Entry point to corporate finance: Multiple finance internships with similar industrial companies during summers in college.
Years of Experience in Finance: Approaching 1 year at first full-time job.
Career path: 2 summer internships during college at similar large industrial firms.

What does your job in corporate finance (FLDP) look like…

Overall Job Description: In my first role it was primarily a combination of tracking operational and finance metrics that were important to my business. I owned the creation of Powerpoint slides that were pitched monthly to Operational GM, as well as the weekly finance update to GM. Helped my manager work through our forecasts and owned a few quarter close reporting items. My second role focuses on compiling, tracking, and owning the financial metrics behind each new contract our business signs, additionally I support a lot of ad-hoc requests as needed as our group fields a lot of questions from corporate and our businesses CEO/CFO.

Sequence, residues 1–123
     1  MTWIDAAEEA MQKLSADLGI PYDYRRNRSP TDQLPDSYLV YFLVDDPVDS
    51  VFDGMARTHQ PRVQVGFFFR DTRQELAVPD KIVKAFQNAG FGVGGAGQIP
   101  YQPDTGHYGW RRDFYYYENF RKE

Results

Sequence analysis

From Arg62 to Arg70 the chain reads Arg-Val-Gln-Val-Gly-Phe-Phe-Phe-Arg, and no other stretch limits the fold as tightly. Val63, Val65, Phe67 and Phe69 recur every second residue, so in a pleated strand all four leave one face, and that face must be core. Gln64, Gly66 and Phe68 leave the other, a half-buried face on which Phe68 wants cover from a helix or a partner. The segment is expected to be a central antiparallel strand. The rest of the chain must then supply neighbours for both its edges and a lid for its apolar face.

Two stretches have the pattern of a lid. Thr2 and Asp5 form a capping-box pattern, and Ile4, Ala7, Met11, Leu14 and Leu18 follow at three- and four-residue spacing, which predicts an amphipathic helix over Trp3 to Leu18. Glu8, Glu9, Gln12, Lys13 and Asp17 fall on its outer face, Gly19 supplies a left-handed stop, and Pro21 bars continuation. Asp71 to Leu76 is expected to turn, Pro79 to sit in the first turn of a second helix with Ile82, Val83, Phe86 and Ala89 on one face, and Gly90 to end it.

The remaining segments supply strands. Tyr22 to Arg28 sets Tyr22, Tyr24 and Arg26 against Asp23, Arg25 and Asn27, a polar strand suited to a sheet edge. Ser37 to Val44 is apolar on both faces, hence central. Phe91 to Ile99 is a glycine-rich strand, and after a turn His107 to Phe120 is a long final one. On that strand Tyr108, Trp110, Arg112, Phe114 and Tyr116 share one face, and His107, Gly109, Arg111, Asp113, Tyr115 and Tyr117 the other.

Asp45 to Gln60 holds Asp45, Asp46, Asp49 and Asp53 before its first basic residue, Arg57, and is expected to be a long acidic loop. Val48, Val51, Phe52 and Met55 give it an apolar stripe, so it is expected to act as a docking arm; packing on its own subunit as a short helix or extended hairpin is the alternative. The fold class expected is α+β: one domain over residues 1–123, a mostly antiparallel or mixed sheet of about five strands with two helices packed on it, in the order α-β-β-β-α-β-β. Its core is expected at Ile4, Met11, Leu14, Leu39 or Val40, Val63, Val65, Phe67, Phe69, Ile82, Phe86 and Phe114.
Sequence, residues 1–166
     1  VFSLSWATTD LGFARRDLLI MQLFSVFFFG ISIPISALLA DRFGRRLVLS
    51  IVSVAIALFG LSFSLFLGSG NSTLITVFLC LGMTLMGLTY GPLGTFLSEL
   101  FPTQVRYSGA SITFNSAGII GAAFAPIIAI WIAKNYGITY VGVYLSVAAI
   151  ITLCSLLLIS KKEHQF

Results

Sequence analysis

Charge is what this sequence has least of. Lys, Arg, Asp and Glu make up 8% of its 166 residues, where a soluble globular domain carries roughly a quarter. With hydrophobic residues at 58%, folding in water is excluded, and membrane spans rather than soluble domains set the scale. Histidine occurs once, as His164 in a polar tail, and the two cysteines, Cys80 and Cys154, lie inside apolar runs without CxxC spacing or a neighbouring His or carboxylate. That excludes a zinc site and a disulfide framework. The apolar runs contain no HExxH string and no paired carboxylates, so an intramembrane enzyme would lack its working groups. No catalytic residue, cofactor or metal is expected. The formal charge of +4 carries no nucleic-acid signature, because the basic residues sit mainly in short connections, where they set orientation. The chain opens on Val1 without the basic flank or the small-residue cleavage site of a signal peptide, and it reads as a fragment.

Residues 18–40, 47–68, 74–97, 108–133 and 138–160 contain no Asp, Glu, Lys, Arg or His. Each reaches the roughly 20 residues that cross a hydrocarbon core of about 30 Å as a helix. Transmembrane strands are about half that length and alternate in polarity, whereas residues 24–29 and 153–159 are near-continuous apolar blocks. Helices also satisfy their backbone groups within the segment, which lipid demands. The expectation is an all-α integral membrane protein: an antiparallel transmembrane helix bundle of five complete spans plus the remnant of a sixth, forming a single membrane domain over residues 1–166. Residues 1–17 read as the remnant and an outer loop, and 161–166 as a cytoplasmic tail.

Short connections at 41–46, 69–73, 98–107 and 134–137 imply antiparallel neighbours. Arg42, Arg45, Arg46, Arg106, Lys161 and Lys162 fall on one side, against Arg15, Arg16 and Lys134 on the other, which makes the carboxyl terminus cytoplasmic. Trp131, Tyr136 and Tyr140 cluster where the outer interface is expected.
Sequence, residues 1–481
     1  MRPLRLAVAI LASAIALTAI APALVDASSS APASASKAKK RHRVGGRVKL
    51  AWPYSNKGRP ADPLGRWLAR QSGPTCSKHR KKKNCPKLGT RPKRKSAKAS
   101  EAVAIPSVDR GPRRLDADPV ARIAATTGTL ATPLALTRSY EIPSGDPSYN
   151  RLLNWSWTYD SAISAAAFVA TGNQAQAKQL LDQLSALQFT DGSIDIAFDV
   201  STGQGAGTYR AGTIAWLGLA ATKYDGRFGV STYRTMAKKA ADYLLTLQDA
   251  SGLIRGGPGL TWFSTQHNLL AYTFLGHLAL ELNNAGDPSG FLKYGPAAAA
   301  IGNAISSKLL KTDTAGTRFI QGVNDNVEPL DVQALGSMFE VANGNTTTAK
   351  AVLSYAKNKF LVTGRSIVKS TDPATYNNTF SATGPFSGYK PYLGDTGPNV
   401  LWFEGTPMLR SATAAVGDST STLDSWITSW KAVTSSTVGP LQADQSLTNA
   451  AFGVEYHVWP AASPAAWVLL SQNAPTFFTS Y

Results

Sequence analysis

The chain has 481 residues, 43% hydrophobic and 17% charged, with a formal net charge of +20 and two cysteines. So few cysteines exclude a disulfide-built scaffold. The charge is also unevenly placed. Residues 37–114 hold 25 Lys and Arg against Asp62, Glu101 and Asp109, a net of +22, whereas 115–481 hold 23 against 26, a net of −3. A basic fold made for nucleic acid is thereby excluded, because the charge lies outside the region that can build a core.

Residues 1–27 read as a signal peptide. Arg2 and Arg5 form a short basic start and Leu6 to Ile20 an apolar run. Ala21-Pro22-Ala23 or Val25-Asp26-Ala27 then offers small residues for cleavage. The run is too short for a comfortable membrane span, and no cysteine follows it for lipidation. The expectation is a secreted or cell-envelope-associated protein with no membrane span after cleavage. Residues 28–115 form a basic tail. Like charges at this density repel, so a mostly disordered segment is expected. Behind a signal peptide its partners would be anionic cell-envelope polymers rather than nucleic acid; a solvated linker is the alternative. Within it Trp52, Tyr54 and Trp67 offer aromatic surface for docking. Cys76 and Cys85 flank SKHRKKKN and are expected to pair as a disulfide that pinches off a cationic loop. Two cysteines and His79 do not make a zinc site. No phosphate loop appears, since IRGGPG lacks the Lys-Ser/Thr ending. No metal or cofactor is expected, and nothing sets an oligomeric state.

Additionally, alongside the “day job” aspect of our rotation, we are put in teams with 1-3 other FLDP members to work on a project usually focused around process improvement that we get to pitch to our business’s CFO.

What do you like about your FLDP job?

I love being part of a leadership program. Being hired into the company with a “hiring class” of 10-15 peers has enabled me to have a built-in network of like-minded, smart, and motivated finance professionals that I have developed strong work and personal friendships with. It has made helped make moving new city and company undoubtedly more enjoyable. Many times, I hear that new hires in finance jobs are the youngest person on their new team by 10-20 years and they struggle to find people to socialize with in and outside of work if they move to a city where they don’t know anyone else.